Ruminant Restraint and Basic Physical Examination

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"I think using animals for food is an ethical thing to do, but we've got to do it
right. We've got to give those animals a decent life and we've got to give them
a painless death. We owe the animal respect."
—Temple Grandin
Ruminant Restraint
Dr. Dipa Brahmbhatt VMD, MPH,
MS
Question
 Livestock husbandry practices are dictated
by the intended use of the animal.
 Even though all cattle have similar
instincts, husbandry practices can have a
significant effect on an animal’s behavior.
 What are some of the basic behavioral
differences of beef cattle and dairy cattle
that affect the way that they are handled
and restrained?
Beef Cattle – Cow/Calf Producers
NE,TX, KS
 Before the feedlot, spend
most of their time in open
range or field settings.
 Handled and restrained only
occasionally: vaccination and
deworming.
 Suspicious of humans and
enclosures (pens and chutes),
and are usually more difficult to
segregate and restrain.
 Caution: Beef bulls and cows
with calves
Dairy cattle
 Temperament
 nervous cow
 the docile cow
 the balker
(obstinate)
 the chronic kicker
 Dairy bulls should
never by trusted
 Cows with calves
 Facility
 dark barns are apt
to be nervous.
 Better in a well
lighted, well
ventilated one
 sedative or
anesthetic
Ferocious Bull
Dairy Cattle
 Dairy cattle are handled more
frequently and spend much
less time in open settings.
 Dairy cows are milked twice
daily while lactating, and the
lactation cycle lasts on
average 8-10 months of the
year.
 Breeding is done by artificial
insemination.
 Calves are often reared in
enclosures with frequent
human contact.
 In generaL, dairy cattle tend to
be much easier to handle and
restrain. (Caution on dairy
bulls and mums)
Most veterinarian procedures required
two stages of animal handling:
1. The individual most be separate from the
herd (herding instinct)
2. The individual must then be restrained
appropriately for the procedure
• Drive
animals to
pen/corral
/“tub”
• Tub to
alleyway to
working
chute
Moving and Herding Cattle
 CALM
 Should not move faster




than a walk
SHOULDER
 Aka: point of balance
 Behind > forward
 Front > backwards
Ask the farmer 
Cattle move toward light
STRESS > DISEASE AND
LOW PERFORMANCE
Tailing
Backstops
Spring loaded panels pushed forward as animal moves through than
popped back in place
Chute Restraint
 The working
chute is
designed to
hold one
animal at the
time
 Silencer
chute
Chute Restraint
Self
closing
head catch
or
manually
“Posting”
Use both hands
• Fully restrain head
before working with
animal
• Head first squeeze
later
Nose lead
Challenges
 Cow is down
 Occlude trachea or
blood flow to the
cranium
 Handle calmly
 Only 1 hand inside
chute
 Head restraint
may be applied to
cooperative
animals, without
use of a chute, but
most individuals
must be placed in
a chute first.
 "the part that
draws goes
under the jaws.“
 Not for beef
 Cattle halters are
used to control the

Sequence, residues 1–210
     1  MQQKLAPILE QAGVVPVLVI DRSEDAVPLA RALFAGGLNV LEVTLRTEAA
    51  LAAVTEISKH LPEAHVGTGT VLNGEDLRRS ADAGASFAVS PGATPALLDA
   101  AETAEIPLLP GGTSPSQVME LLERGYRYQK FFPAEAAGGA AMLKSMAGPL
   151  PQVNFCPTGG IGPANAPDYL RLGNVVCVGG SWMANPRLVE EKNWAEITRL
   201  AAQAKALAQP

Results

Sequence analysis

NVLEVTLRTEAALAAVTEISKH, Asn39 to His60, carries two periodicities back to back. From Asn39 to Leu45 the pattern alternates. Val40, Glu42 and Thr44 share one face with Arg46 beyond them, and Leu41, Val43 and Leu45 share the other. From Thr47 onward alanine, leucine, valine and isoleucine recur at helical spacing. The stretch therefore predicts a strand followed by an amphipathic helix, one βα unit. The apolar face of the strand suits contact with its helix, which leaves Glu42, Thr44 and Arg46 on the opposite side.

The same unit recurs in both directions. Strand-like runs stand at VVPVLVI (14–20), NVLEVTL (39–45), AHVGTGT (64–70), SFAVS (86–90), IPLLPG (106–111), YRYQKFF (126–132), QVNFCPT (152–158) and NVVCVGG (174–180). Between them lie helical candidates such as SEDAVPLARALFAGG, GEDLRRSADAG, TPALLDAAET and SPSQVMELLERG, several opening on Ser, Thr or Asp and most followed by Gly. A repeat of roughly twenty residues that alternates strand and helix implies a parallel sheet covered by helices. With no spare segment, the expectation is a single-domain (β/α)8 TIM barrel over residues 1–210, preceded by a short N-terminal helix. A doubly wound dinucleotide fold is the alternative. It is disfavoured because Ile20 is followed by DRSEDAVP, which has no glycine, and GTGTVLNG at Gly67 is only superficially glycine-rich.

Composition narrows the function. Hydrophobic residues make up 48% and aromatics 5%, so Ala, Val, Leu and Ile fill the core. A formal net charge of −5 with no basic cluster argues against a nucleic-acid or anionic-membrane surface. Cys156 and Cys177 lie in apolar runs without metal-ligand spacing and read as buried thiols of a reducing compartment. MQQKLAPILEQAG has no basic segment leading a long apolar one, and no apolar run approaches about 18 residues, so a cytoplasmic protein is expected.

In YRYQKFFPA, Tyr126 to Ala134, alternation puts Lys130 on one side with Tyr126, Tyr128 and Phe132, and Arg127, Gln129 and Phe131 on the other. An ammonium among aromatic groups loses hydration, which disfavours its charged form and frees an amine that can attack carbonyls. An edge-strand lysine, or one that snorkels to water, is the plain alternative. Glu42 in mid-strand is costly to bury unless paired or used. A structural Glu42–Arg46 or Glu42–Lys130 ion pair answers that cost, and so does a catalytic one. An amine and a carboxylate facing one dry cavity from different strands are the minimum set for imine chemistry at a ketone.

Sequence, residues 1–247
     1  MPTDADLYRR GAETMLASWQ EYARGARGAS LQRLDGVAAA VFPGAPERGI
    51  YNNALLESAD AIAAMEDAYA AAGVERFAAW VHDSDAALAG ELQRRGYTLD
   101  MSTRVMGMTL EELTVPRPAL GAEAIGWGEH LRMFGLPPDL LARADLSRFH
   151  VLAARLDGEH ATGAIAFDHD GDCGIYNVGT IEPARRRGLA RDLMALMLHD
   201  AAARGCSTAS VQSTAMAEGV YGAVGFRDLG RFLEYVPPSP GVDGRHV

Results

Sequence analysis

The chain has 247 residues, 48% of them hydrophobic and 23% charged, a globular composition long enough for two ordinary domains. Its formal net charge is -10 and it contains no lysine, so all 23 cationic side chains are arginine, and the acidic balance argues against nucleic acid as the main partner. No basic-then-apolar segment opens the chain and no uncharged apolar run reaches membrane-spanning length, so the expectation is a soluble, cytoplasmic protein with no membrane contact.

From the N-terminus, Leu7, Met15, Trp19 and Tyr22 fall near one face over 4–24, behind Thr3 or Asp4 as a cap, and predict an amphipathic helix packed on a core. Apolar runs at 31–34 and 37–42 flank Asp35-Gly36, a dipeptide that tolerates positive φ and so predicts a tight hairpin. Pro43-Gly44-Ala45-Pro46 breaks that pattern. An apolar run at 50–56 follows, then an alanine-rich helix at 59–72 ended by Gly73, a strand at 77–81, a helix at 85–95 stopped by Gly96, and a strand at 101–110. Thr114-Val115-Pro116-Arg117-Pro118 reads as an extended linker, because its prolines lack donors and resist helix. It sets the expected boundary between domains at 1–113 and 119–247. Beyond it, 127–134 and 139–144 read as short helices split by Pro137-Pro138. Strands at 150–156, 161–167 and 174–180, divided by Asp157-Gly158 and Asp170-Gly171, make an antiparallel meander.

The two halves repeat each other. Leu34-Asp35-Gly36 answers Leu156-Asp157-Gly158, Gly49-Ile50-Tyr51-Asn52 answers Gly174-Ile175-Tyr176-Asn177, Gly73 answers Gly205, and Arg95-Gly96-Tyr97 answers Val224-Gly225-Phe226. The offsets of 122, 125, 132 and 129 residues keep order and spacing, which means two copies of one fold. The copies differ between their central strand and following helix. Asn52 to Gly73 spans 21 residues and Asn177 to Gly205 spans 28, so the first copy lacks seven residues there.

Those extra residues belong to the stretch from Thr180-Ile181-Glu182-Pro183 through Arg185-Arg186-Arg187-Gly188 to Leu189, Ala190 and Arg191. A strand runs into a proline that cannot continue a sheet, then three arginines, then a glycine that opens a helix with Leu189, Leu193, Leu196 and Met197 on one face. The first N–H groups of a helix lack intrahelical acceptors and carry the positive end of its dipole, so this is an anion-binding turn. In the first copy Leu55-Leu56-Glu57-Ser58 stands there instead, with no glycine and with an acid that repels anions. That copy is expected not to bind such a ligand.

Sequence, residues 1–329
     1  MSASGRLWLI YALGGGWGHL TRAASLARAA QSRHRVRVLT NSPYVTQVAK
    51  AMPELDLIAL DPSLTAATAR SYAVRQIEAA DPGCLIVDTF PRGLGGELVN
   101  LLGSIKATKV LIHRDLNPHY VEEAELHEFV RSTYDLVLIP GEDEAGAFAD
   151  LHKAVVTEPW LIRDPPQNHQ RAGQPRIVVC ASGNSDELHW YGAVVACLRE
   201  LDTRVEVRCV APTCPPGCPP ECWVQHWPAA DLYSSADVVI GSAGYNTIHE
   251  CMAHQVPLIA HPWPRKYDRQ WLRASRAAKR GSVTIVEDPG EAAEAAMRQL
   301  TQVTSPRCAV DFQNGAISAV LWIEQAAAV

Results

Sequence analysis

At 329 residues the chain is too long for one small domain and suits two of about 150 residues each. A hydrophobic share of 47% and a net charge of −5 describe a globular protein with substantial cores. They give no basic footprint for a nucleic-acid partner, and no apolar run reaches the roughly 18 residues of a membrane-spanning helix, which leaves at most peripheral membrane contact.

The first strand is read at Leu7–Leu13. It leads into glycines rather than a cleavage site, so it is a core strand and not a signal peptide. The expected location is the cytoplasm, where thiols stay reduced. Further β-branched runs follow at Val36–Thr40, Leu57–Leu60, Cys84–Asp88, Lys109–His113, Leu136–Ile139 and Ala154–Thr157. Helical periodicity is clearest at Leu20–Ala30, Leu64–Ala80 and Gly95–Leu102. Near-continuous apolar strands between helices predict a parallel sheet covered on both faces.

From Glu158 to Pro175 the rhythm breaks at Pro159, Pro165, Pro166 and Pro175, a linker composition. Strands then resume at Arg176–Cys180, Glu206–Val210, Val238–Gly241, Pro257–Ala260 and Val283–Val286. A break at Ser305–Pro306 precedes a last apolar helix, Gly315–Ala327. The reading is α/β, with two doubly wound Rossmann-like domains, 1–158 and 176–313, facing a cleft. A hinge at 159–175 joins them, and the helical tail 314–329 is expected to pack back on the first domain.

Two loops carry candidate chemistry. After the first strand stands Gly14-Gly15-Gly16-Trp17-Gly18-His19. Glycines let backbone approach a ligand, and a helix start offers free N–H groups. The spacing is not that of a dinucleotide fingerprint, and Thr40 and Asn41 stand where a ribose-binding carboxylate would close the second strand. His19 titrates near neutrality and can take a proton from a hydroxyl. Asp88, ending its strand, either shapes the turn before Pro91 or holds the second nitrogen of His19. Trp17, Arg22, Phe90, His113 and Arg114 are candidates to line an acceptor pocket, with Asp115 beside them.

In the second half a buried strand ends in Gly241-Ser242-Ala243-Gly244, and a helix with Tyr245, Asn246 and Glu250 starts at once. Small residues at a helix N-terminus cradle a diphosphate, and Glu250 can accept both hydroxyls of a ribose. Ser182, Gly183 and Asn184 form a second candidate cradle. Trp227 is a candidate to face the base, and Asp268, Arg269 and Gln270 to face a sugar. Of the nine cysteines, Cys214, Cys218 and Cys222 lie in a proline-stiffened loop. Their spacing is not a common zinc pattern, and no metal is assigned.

head by tying or
securing the head to
an immovable object
with a rope attached
to the halter
 Watch trachea and
eye
QUICK RELEASE
Restraints that divert attention
 Tail restraint
 Nose lead/ “nose
tongs”
 IV injection
 Udder surgery
 Examine hoof
 Restraint of the head
Nose leads
 They apply blunt,
pinching pressure to
the nasal septum.
 Supplement with halter
and/or with head
restraint
 Nasal septum may be
torn with violent
movement
• Don’t use in calves
• If tie knot: quick release and monitor
carefully
Nose rings
 Placed through the
nasal septum and are
often used in bulls
 Should not be used to
tie the head for head
restraint
 Only for additional
control of the head
but: nasal septum can
be torn
Tail Restraint
• Cattle tail not as strong as horse
• Don’t include vertebrae
TAIL JACK
Leg Restraint
Over common
• Calcaneal tendon, just above
the hocks
• Hobbels/ Hoppels – No Kicking
• Flank rope – No Kicking
Leg Restraint
Leg Restraint: Front Leg Hoppel
PE or treatmen
ASSISTANT
A rope with an eye in
one end is used to form
a loop around the
pastern.
The other end of the
rope passes over the
withers where is should
be held by an assistant
so that it can be
released quickly if the
cow starts to go down.
Beam and Hook - HL
Other method
If more
than 30
min.
NPO
Casting – Rope Squeeze
 Casting is a method
of forcing an animal to
the ground, usually
with ropes
 Prefer R lateral
recumbency:
discourages bloat
 Casting - calving
Casting – Burley Method
Advantages
• Less time
• No respiratory/
CVS pressure
• No pressure in
genitalia area
Dr. D. R. Burley of Georgia
Recumbent animal
 Stand next to spine
 Back/ Rib/ Thigh
 Tap, slap or poke (blunt item)
 Knee
 Electric cattle prod only if necessary
Calf restraint
 Separate the calf from mother first
 One arm around chest and other around base of tail
 Lateral recumbency: “Flanking”, slide down your legs
DO NOT throw calf on ground
 1 knee on neck and other holding HL
Calf restraint
 Do not throw the calf
to the ground
 Do not place the
entire bodyweight on
the calf and do not
occlude the trachea
Video
http://vetvideos.com/restraintcattle.htm
http://video.google.com/videoplay?docid=1725026942547112254
http://video.google.com/videoplay?docid=8512037
042653473796
http://video.google.com/videoplay?docid=6761217048822203559
http://video.google.com/videoplay?docid=3356654913389880021
References
 http://research.vet.upenn.edu/Dairy/Restraint/Re
straintsthatDivertAttention/NoseLead/tabid/3904/
Default.aspx
 K Holtgrew-Bohling , Large Animal Clinical
Procedures for Veterinary Technicians, 2nd
Edition, Mosby, 2012, ISBN: 97803223077323
 McCurnin, Dennis and Bassert, Joanna, Clinical
Textbook for Veterinary Technicians, 6th Edition,
W. B. Saunders, 2005, ISBN 0721606121.
Editions
 Dr. Mendoza
 Dr. Brahmbhatt
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